Many observers have finally taken issue with the recent upsurge in incidents of violence in this country, reacting with concern or surprise. They should know better. After all, they have been pouring oil on the flames for years.
Talk of “germanotsoliades” (a term used to describe the Greek collaborationist military groups formed during the German occupation in World War II) or of a “Tsolakoglou-type government,” in reference to the regime appointed by the Axis powers in 1941, and other allegations of this sort have not come just from the extremes of the country’s political spectrum.
In fact, such epithets were repeatedly uttered by Greece’s mainstream commentators and media that made them part of the public debate.
Some of the critics did so because they were serving their own private or partisan interests, while others did because they thought that this rough, unprocessed mixture of indignation and base instincts, the product of every truly big crisis, would be a strong sell.
In any case, we have no excuse to act surprised or question where all the hatred that has swept our society came from. Similarly, it’s hard to pretend we did not hear the voices inciting anyone out there that wanted to heckle, hit or shoot someone, just because they happened to disagree with them.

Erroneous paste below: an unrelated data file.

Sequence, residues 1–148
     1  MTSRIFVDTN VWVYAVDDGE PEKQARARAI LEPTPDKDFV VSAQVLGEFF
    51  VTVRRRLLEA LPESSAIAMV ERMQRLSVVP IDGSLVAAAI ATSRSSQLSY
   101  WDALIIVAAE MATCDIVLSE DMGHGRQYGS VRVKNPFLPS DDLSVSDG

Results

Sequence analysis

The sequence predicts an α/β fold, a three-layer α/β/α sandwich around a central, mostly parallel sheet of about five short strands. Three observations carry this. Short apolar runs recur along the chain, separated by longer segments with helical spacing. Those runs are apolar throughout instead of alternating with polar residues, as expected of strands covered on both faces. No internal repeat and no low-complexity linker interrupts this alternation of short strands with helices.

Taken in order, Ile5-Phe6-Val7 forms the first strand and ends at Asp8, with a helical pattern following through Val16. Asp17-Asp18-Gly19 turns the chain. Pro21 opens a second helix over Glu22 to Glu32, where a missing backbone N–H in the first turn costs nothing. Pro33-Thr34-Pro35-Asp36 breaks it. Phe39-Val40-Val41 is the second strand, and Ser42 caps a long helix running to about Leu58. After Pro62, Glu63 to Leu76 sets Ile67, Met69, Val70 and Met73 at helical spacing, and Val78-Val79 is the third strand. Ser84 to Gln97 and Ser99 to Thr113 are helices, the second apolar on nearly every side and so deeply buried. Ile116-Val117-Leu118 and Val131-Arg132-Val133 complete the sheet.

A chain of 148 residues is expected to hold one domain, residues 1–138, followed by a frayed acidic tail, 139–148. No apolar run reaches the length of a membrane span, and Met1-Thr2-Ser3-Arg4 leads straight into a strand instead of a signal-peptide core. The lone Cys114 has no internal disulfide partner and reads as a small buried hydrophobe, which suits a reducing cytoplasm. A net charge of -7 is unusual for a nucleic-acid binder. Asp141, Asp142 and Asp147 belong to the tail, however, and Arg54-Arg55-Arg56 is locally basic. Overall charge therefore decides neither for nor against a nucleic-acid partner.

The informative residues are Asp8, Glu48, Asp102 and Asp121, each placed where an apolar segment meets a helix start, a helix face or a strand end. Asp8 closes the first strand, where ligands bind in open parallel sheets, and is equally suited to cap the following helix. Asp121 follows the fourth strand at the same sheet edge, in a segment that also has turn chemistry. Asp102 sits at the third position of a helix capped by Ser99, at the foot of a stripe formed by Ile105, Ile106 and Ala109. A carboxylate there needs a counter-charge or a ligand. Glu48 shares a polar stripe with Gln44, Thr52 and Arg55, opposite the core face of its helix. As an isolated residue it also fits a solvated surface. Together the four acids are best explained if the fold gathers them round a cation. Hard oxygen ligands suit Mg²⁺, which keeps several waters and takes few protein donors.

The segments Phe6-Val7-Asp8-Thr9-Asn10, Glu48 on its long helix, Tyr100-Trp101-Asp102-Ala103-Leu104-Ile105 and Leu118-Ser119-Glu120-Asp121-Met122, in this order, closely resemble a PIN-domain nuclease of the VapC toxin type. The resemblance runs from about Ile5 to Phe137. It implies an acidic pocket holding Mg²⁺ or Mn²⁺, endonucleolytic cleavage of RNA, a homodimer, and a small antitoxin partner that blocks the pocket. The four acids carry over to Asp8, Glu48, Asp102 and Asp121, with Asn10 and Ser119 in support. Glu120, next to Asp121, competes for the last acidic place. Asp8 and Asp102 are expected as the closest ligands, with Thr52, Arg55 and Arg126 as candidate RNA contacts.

After all, it’s very hard to defend the government today – a government which appears to be doing its best and seems to be acting in the national interest – when up until yesterday you were keen to compare the troika and Angela Merkel to Adolf Hitler and the Wehrmacht.
Such over-the-top statements and comparisons made Greece stand out from the other crisis-hit nations in the euro area that had signed up to the troika’s rescue program, or that were in negotiations with the creditors to do so. Because, unfortunately, some people here allowed the fringes to hijack the mainstream and made way for political extremism and violence. They fostered the illusion that they could forever feed the beast of rampant populism and never get bitten; as if the forces of hatred and irrational violence bother to distinguish one enemy from another – or keep record of who said what about whom and when.
Those who poured oil onto the flames and poison into our minds bear great responsibility for the dangers facing the country today.
All that in spite of the incredible patience, maturity and endurance demonstrated by a people that has proved itself to be far superior to the elites that have governed and educated it over the years.